The inhabitants of this planet, Arthel, were fortunate enough to have been able to develop, propagate and thereby populate it, thanks to a remarkable compatibility between their requirements for survival and the resources available from the environment in which they did these things. The significance of this fact cannot be overlooked – there were many other planets that would not have nurtured these inhabitants in such a successful manner. Many of these inhabitants marked this significance by embracing a sense of their own uniqueness, their innate skills; many others did not. Some of those who chose not to mark such things?were among those who had no “name” for their home – at least not one that was widely circulated or shared.

As one might typically expect on a planet that embraced contradiction and an air of “mystery”, the species of inhabitant that was most abundant on Arthel did not “control” Arthel. It may be that they did not wish to control it, or it may be that they simply had no conceptualization of control with which to apply that construct. In either case, the primary inhabitants of the planet were not the most vociferous planetary residents. There was far too much planet, it can be assumed, to cause much of a reason for worry about which inhabitants got which resources. Think locally, you can almost hear them saying. Work with what you’ve got at hand. Of course, many of the majority inhabitants did not have “hands” – hands were an evolutionary development that concerned only a small number of Arthelans. Most Arthelans enjoyed other physical traits that more than compensated for opposable thumbs.

But it is the Arthelans with opposable thumbs that concern us in this story. This is their history, more than the history of Arthel, although the two are intertwined so closely that few can see light between the threads.


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The Siren’s Song

Like Odysseus, our great commander in chief
(who likes his reports and his facts just in brief)
has ordered himself lashed and tied to the mast,
and in the ears of his councilors, wax plugs made fast

so he can go forth and destroy his named foe
without hearing anti-war Sirens scream “no!”
(at least, though he’ll hear them, he will not be swayed,
for his eyes are trained on fortunes to be made)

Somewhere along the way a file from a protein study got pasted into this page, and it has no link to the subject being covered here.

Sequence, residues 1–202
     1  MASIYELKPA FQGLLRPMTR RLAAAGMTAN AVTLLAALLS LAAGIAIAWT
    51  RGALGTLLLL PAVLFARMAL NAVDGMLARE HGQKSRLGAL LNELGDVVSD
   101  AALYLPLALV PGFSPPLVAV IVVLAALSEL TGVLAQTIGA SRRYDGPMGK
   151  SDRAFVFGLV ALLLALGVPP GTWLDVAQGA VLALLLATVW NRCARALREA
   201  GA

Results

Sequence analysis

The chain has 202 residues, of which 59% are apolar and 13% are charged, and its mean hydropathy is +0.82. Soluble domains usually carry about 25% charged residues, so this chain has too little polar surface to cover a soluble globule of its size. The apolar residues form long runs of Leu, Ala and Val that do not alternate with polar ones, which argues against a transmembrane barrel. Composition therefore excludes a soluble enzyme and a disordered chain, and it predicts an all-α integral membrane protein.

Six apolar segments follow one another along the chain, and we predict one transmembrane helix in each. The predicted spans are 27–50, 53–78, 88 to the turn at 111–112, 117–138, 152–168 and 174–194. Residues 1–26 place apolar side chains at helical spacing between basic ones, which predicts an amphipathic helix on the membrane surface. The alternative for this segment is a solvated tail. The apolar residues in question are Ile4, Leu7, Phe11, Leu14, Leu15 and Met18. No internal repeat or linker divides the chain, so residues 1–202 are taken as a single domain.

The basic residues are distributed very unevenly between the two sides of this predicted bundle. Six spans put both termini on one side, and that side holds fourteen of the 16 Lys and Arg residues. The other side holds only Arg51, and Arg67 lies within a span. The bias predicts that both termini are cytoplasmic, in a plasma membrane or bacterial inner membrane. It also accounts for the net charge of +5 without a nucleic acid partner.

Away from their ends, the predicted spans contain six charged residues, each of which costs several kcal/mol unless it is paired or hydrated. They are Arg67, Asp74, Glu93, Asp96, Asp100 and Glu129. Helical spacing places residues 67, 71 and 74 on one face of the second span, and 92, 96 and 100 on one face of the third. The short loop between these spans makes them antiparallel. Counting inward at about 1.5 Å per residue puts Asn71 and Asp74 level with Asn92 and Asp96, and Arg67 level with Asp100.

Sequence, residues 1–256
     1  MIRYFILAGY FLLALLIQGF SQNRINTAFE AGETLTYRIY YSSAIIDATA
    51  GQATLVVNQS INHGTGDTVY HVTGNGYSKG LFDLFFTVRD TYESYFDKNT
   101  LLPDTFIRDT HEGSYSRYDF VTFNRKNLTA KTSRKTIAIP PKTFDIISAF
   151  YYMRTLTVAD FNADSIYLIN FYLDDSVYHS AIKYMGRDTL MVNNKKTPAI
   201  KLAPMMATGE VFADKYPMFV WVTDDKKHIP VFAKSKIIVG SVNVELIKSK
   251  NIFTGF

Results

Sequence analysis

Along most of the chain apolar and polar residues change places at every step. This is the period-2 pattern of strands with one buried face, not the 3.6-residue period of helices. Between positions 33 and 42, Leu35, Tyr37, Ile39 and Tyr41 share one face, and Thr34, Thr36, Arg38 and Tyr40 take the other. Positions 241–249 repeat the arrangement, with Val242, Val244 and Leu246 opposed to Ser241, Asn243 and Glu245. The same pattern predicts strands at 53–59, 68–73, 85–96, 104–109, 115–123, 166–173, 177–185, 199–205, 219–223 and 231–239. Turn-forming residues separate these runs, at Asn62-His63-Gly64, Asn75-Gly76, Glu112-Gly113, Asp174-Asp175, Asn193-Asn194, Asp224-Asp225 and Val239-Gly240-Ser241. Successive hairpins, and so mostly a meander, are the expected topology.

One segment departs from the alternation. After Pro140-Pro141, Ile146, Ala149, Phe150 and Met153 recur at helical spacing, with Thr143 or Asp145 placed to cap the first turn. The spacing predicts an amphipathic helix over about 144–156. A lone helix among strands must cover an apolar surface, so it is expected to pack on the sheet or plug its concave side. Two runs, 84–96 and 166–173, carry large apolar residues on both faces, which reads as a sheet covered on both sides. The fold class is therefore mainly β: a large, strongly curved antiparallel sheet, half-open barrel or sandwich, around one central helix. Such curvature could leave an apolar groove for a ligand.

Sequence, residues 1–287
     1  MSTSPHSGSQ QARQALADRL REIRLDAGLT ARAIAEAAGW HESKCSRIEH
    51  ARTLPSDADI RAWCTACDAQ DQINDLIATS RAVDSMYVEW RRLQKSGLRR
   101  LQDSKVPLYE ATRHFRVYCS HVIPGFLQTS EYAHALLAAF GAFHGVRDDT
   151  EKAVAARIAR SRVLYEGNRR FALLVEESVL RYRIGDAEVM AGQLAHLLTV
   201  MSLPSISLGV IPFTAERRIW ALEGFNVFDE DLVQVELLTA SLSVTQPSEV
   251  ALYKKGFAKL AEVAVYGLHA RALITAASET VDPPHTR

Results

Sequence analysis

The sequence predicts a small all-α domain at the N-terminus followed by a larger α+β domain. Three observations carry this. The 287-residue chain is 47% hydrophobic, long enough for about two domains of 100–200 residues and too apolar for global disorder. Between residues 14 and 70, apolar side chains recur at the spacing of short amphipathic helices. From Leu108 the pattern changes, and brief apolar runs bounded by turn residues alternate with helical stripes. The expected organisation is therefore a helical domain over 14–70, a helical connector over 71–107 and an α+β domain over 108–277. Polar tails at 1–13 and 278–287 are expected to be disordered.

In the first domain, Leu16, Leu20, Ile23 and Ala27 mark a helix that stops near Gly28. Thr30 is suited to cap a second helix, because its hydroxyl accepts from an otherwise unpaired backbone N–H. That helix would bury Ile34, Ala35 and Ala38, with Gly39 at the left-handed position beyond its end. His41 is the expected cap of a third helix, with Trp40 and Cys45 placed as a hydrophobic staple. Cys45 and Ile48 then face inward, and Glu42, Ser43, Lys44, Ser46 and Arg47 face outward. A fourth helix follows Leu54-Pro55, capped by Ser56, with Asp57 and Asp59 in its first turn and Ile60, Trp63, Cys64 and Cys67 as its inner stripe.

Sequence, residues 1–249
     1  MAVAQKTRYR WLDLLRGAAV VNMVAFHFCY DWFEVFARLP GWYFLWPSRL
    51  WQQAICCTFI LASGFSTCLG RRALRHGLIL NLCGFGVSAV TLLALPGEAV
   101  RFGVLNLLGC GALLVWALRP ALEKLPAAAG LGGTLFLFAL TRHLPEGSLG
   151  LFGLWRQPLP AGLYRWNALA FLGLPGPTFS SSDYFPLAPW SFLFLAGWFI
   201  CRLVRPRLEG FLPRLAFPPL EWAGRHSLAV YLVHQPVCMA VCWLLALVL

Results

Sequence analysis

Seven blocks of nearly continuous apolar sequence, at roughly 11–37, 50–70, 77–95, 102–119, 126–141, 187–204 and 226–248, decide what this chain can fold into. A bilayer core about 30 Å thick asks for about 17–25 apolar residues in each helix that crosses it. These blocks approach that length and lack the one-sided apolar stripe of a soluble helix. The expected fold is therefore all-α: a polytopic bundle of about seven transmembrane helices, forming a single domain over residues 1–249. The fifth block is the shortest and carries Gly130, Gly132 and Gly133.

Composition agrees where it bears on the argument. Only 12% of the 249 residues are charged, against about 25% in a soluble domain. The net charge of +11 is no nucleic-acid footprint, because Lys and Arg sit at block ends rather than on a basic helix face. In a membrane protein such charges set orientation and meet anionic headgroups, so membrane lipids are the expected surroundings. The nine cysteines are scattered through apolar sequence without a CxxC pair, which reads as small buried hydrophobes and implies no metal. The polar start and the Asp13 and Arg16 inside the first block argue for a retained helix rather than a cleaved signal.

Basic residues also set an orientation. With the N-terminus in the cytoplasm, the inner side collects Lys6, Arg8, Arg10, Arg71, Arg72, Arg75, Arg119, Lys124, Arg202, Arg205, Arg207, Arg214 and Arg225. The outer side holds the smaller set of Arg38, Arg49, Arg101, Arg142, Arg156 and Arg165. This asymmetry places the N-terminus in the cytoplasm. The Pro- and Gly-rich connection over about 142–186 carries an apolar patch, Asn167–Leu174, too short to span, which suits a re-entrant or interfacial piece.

And the millions of Sirens, deprived thus of voice
will be faced with a terrible, depressing choice:
to admit defeat, and crawl under their stones,
or watch as the war machine destroys their homes.

For me, though I know that my song goes unheard
by those who hang on our brave leader’s each word,
and often gets noticed as “bleeding heart” stuff
(which can make those brown-shirt boys act pretty rough)

I shall sing it out loudly and hope that out there
are enough others who do not say “laissez faire”
but seek for the truth without question or pause
and only want war for a more noble cause

And as for Odysseus, let him go lame
There strapped to the mast in his imbecile game
I did not elect him my hero in chief
Nor do I think his acts reflect my belief

In a nation’s nobility, part of the whole
where although a great people, we do not control
the fate of the planet with missiles and threat,
but work hard for world peace, and do not forget

that absolute power corrupts absolute
and turns politicians into lying suits
that make long careers out of power and greed,
but should be but servants, who seek what we need.

Odysseus, hero? This Siren thinks not,
and sings to avert him and his evil plot;
And though he ain’t listenin’, perhaps someone will
and sink his foul ship before he does more ill.

I’m not saying kill him, or any such dreck,
nor sabotage his machine, causing a wreck;
Just sing, all you Sirens, as loud as you can
until perhaps we can stun sense in the man.

18 FEB 2003